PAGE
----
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I am trying a simple code sample that returns the windowhandle of the focused window but can't seem to get back the value in the textbox.

class ApplicationExecution
    public static bool MyWindow()
        var activatedHandle = GetForegroundWindow();
        if (activatedHandle == IntPtr.Zero)
            return false;       // No window is currently activated

        var procId = Process.GetCurrentProcess().Id;
        int activeProcId;
        GetWindowThreadProcessId(activatedHandle, out activeProcId);

        return activeProcId == procId;

    [DllImport("user32.dll", CharSet = CharSet.Auto, ExactSpelling = true)]
    private static extern IntPtr GetForegroundWindow();

    [DllImport("user32.dll", CharSet = CharSet.Auto, SetLastError = true)]
    private static extern int GetWindowThreadProcessId(IntPtr handle, out int processId);


I tried to access it like so

ApplicationExecution esma = new ApplicationExecution();
textbox1.text = esma;

as well as

 textBox1.Text = Convert.ToString(ApplicationsWPF.ApplicationExecution.MyWindow());

I Get either true or false and not the GetForegroundWindow values that the function is suppose to return

share|improve this question
MyWindow is static, so no need to instantiate ApplicationExecution. The second one should set the text to "True" or "False". Do you get an error? Do you get an unexpected value? –  Grant Winney Jun 7 '13 at 0:22
Are you trying to get back the result of activeId == proId as indicated by your method, or are you trying to get back the value of activeId as indicated by the last line in your question? –  Grant Winney Jun 7 '13 at 0:30
Yes I am trying to get the activeiD or window –  xterminal0 Jun 7 '13 at 0:36
Check out my answer below, @xterminal0. You need to make a couple adjustments to MyWindow(). –  Grant Winney Jun 7 '13 at 0:46

4 Answers 4

You've defined MyWindow as a static method, therefore you need to access it through the class:

textbox1.Text = ApplicationExecution.MyWindow().ToString();

See static (C# Reference).

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Thank you for fixing it. –  Gabe Jun 7 '13 at 0:30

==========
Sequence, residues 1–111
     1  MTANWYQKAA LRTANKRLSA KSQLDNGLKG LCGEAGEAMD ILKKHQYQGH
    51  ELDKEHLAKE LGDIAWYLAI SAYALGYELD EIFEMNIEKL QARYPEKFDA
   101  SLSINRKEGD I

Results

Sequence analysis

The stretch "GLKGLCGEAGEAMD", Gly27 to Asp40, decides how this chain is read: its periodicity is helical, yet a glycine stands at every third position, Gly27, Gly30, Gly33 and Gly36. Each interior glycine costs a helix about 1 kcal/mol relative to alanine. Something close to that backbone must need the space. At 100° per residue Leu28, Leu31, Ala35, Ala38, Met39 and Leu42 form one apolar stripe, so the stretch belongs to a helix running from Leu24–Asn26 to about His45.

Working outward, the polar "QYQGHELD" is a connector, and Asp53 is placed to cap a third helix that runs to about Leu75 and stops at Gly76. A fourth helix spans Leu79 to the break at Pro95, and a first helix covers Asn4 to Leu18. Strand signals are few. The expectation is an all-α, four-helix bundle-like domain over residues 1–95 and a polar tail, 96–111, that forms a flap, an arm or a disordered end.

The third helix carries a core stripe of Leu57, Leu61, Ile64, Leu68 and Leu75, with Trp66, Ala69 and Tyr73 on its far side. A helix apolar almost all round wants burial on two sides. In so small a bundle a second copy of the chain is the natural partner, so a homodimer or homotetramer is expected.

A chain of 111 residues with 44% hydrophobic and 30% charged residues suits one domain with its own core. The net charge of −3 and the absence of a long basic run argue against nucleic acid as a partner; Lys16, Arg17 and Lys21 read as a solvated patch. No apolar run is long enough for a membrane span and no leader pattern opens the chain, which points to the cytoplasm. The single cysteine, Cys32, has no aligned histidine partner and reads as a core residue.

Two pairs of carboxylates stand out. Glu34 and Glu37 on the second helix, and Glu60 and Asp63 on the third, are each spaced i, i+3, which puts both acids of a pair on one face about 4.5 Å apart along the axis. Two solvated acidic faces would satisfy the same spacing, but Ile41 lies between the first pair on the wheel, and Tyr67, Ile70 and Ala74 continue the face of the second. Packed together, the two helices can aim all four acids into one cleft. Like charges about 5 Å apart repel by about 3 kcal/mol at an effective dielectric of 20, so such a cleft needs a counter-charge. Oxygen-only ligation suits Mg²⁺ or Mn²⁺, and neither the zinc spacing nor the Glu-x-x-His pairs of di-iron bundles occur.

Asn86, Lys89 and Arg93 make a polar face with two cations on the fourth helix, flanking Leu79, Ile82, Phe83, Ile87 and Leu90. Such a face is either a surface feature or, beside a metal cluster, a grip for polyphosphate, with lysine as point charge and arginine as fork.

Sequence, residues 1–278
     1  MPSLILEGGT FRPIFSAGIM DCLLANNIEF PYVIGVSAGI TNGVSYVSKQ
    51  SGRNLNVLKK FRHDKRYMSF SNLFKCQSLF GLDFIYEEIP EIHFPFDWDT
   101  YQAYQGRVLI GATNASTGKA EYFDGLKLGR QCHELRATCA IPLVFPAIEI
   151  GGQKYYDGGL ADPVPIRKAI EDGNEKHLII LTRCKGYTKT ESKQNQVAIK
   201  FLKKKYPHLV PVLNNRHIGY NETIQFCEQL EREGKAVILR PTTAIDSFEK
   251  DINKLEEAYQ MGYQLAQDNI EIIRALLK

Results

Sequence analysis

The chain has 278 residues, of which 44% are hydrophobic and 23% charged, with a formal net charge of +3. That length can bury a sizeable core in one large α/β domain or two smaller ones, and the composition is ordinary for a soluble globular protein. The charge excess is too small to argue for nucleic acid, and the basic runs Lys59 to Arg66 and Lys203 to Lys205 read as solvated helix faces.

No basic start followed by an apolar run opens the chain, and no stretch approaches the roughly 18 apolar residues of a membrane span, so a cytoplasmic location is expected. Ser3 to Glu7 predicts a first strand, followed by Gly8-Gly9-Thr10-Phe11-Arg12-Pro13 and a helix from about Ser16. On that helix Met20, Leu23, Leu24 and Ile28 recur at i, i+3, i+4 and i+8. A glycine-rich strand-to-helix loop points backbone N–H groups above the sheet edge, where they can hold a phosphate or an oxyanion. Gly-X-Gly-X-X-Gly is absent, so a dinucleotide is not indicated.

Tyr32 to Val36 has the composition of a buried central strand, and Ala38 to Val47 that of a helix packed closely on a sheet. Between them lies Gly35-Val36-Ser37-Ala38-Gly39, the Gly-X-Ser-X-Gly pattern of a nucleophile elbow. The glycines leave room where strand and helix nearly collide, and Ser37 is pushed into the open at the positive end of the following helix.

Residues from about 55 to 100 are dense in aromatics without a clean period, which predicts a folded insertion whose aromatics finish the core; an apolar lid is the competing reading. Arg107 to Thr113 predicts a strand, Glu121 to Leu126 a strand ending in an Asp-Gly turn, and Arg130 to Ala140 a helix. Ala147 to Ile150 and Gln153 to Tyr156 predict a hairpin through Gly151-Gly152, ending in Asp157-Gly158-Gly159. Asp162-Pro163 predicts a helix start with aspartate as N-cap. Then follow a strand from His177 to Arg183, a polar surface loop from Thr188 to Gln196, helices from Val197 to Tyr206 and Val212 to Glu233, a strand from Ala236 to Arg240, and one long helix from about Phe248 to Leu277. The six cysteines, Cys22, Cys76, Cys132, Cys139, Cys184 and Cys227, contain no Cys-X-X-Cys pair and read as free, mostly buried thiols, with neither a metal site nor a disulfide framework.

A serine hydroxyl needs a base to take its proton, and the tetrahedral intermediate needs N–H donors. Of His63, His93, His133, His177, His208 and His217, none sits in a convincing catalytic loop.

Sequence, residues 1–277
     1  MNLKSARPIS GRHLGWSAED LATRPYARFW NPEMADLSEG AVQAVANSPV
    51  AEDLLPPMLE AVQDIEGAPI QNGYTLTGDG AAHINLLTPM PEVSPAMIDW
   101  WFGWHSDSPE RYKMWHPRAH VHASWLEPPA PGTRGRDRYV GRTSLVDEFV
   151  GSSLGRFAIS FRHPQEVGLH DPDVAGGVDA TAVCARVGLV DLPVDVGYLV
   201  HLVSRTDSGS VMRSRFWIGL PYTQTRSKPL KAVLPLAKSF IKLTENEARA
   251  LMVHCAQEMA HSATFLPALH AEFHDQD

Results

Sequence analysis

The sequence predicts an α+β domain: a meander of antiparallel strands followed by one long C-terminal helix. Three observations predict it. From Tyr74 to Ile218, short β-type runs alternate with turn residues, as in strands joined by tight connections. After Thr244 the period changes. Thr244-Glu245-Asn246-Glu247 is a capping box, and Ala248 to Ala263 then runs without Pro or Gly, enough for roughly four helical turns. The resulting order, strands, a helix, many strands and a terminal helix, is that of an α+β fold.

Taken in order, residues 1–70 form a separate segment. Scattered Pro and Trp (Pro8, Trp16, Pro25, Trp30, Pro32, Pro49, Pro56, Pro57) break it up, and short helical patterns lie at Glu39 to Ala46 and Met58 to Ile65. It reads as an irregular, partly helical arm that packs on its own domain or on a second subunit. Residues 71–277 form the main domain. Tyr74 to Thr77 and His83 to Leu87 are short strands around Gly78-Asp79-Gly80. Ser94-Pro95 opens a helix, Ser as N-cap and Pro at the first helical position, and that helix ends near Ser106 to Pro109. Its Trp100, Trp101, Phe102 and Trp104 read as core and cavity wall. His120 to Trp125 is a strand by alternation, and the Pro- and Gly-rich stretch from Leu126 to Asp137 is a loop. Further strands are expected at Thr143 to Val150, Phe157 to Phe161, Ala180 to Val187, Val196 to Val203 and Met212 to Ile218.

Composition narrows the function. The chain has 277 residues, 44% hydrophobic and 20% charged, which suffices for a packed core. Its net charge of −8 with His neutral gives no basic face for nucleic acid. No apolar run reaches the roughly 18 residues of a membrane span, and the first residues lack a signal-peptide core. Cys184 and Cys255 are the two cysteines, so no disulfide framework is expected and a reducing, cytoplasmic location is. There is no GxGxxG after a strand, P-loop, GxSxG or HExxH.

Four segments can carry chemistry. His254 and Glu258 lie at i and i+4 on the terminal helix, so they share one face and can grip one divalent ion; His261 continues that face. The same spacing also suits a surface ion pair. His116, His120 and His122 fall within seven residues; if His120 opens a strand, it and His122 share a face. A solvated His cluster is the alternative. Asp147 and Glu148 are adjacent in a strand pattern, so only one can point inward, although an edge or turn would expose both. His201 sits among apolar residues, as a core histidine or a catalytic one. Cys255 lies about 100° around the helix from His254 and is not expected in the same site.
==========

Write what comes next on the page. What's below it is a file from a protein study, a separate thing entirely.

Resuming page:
either make MyWindow nonstatic, and:

textbox1.Text =esma.MyWindow();



But as you explained now, you need the string with the Window name.

remove your hole MyWindow() Method and replace it with the private string GetActiveWindowTitle() method that can be found in the accapted answer here

then write:

share|improve this answer
esma. only has "Equals" "GethashCode" "ToString" and "GetType" it does NOT have the MyWindow ? –  xterminal0 Jun 7 '13 at 0:23
then either make MyWindow nonstatic, or: textbox1.Text=ApplicationExecution.MyWindow(); –  IAM Jun 7 '13 at 0:25
This works; however, only returning a true or false VS the actual assigned values –  xterminal0 Jun 7 '13 at 0:37
if you want to get an integer, you should define a method, that returns an integer. –  IAM Jun 7 '13 at 0:39
This is a sample code that is suppose to return the title of the focused window! I haven't done any modifications to it ! –  xterminal0 Jun 7 '13 at 0:42

Because you have marked the method as static. You do not need to create an instance.

textbox1.Text = ApplicationExecution.MyWindow().ToString();
share|improve this answer

Given the update to your original question, you could just change the signature of MyWindow to return an int and then return the value of activeProcId:

class ApplicationExecution
    public static int MyWindow()

        return activeProcId;


You may also want to rename the method to MyProcessId for clarity after making this change, but I know you said this is just a sample you're trying out.

share|improve this answer
This works; however, setting it to string or int just returns a number and not the actual string of the Window title? –  xterminal0 Jun 7 '13 at 0:50
You need to be explicit when you post a question on here. There's nothing in your original post about wanting to get the window title. –  Grant Winney Jun 7 '13 at 0:54

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